A big hand to Tea Time Animation for bringing in the amazing Glen McIntosh, directing animator at ILM who has worked on movies such as Jurassic Park III, Star Wars I, II and III, Transformers, and Battleship, to come talk about his work and experiences. MC'd by Tea Time's professional outreach coordinator, Frank-Joseph Frelier, we got to hear Glen's inside stories about being in production and see some of his original artwork!
Glen initially majored in film studies and then went on to study traditional animation at Sheridan College. He moved out to Ireland and started out at the Sullivan Bluth Studios as an inbetweener and fix animator with hand drawn animated movies such as Thumbelina and Anastasia. During his time while in Ireland was when Jurassic Park came out, which he fell in love with, and was inspired to traverse into the realm of 3D. He jumped from working on Anastasia, a 2D animated film, directly onto Star Wars I: The Phantom Menace which was interesting in that Glen mentioned he had no idea how to use a computer. He jumped right in and started learning all the new technical aspects from the ground up. Glen found his transition from 2D to 3D as an experience in that 3D animation could not be cheated as much as in 2D animation. While 2D animation allows additional stretch and squash to create motion blur and poses could hide certain elements of animation, a 3D rigged character, particularly for live action, is more similar to manipulating a puppet in 3D space and a pose has to look good from every angle. If poses are cheated, such as an arm intersecting to the inside of a body, while the pose may look fine from the view of the camera, it may cause issues further down the pipeline such as simulations where cloth dynamics keeps on falling off the character or lighting and various strange intersections and shadows show up.
As an animation supervisor, Glen got to go on set and work with the actors at times. We got to hear stories about how he was on set of Battleship and his interactions with Rihanna. One story that he had was how the stuntman for a shot was absent and so Glen got to step in. He was the stuntman for the villain and had on a helmet, a visor, and earplugs, and was expected to go through an exploding door where upon the other side were the actors who were crouching amid various debris. Glen couldn't hear nor see very well and if going through an exploding door wasn't already frightening enough, he was worried about tripping over Rihanna. He didn't and everything worked out well.
The next question asked about Glen's animation process. He talked about setting up a shot and then experimenting with a rig. It is important to find out what the rig can and can't do. Animators need rigs to do specific actions which the rigger may not always to take into account so by "doing your homework" first the rig can be kicked back to rigger and changed. The next step is blocking out the animation and while different people may have different definitions of what blocking means, it is important to show directors only the animation in which they will be critiquing. While it may look cool to turn on all the textures or use some cards to show splashes or explosions, it would be better to use simple geometry as placeholders for more straightforward evaluation. Pertaining to this, we got to hear some stories about working with Michael Bay. Directors know what they want but sometimes it doesn't always come through in the previs. However, the previs should still be matched first to show the director that it isn't working and then have a second version ready to show what the director actually wants.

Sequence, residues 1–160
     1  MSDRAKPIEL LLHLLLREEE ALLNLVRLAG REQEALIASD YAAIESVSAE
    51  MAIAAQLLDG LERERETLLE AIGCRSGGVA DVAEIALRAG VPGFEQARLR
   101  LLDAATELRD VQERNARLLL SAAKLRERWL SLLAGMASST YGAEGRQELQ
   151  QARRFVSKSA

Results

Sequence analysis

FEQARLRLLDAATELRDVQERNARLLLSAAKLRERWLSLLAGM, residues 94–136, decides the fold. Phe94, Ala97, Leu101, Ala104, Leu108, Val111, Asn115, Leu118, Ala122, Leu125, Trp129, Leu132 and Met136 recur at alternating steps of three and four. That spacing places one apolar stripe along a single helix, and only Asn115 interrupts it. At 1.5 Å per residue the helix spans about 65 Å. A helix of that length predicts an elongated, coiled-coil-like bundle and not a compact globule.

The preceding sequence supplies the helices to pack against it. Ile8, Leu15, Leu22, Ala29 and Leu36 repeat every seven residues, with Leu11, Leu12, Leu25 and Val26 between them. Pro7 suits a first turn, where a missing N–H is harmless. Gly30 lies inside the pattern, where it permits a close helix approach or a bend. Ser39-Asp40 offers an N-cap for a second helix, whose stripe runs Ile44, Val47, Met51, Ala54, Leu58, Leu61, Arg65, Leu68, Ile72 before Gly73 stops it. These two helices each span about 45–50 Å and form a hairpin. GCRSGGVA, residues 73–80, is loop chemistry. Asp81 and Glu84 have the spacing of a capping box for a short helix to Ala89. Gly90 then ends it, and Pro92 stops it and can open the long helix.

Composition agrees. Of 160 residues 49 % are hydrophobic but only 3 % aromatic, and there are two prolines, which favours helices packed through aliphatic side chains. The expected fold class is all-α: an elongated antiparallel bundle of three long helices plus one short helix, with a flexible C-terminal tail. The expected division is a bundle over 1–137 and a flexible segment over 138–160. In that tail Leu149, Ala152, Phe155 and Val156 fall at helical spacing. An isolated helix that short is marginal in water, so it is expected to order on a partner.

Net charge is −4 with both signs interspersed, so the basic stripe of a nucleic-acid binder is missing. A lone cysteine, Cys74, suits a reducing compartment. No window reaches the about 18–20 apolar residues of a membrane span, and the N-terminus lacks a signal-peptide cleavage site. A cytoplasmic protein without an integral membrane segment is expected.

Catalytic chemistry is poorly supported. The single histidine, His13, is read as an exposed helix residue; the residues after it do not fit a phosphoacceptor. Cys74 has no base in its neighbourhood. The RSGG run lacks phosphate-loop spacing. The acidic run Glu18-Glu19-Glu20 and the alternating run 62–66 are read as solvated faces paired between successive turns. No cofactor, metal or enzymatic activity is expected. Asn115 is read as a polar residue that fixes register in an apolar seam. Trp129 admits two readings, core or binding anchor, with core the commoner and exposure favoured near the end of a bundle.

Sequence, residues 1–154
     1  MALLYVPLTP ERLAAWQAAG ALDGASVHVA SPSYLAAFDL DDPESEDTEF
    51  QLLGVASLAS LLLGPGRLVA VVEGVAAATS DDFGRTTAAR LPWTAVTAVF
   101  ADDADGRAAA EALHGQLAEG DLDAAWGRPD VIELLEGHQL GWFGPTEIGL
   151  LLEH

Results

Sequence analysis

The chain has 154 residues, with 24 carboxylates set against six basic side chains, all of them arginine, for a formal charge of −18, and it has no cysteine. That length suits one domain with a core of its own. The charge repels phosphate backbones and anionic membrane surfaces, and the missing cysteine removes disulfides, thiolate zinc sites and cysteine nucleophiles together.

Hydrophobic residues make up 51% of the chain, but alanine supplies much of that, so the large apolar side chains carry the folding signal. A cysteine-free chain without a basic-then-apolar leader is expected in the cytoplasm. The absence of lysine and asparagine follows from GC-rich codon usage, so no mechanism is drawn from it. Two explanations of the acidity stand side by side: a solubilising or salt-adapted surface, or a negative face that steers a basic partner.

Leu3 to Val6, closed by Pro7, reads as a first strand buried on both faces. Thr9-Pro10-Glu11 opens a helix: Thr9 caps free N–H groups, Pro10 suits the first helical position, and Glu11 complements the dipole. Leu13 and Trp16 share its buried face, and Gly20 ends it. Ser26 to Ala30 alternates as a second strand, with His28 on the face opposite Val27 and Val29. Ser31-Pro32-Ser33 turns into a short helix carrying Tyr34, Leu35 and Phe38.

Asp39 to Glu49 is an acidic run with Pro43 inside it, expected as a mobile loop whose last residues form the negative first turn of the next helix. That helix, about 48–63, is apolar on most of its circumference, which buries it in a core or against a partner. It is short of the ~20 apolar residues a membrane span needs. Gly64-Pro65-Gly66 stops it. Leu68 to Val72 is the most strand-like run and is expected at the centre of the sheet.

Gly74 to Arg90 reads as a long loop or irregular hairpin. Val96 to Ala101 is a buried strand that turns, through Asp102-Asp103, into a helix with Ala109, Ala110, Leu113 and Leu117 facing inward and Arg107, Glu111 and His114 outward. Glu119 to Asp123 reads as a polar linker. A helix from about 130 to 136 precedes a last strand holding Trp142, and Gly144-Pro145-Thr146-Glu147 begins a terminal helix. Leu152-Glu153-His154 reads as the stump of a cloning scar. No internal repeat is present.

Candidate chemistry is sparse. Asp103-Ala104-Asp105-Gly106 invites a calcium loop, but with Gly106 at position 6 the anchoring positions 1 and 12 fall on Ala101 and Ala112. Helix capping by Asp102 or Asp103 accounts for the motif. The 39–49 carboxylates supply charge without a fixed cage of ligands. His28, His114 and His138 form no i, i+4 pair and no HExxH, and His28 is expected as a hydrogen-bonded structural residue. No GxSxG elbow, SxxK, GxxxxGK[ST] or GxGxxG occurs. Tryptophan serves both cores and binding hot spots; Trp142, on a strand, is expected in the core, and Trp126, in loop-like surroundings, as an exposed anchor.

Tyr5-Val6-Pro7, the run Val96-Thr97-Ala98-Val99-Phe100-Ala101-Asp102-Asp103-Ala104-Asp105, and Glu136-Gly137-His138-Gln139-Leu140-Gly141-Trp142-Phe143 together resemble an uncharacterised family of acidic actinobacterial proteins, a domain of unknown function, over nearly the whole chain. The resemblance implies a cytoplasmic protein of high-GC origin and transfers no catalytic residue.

Some suggestions that Glen has for animators is to not become pigeonholed into a single role. While working on animation, don't just become the robot person or the dinosaur person. To broaden the spectrum of your work, try to break it up into binaries such as male vs female, comedy vs dramatic, cartoony vs realistic, organic vs inorganic, and etc. It is important to study the world around you and see the little differences in it instead of assuming what you know and filling it in your mind. Glen told a story about an intensive figure drawing class where the model came in and he was missing a thumb but people were automatically filling it in their mind and drawing five fingers in their sketches. When looking at animal reference for creatures, notice how animals act differently than humans. Animals are reactionary, they don't stop first to think about their action; there are inconsistencies and fast jerks in their actions instead of smooth and steady arcs. Don't be afraid to act out reference and to feel the movement. Animators are actors so don't worry about your ego, instead think about how your acting helps you achieve the most desired end result.
A fun question to end the night with is Glen's three favorite movies that he would recommend everyone to watch. Jaws was the first movie that came to mind. While there were inconsistency issues from shot to shot due to being shot on the wide ocean but due to the acting and music the movie still comes across beautifully and conveys its purpose. The two other movies weren't any particular titles but Glen recommends anything from Stanley Kubrik, such as Full Metal Jacket, and Steven Spielburg, such as War of the Worlds, due to the beautiful photography and composition. Composition conveys meaning and Kubrik and Spielburg have such strong composition in their movies.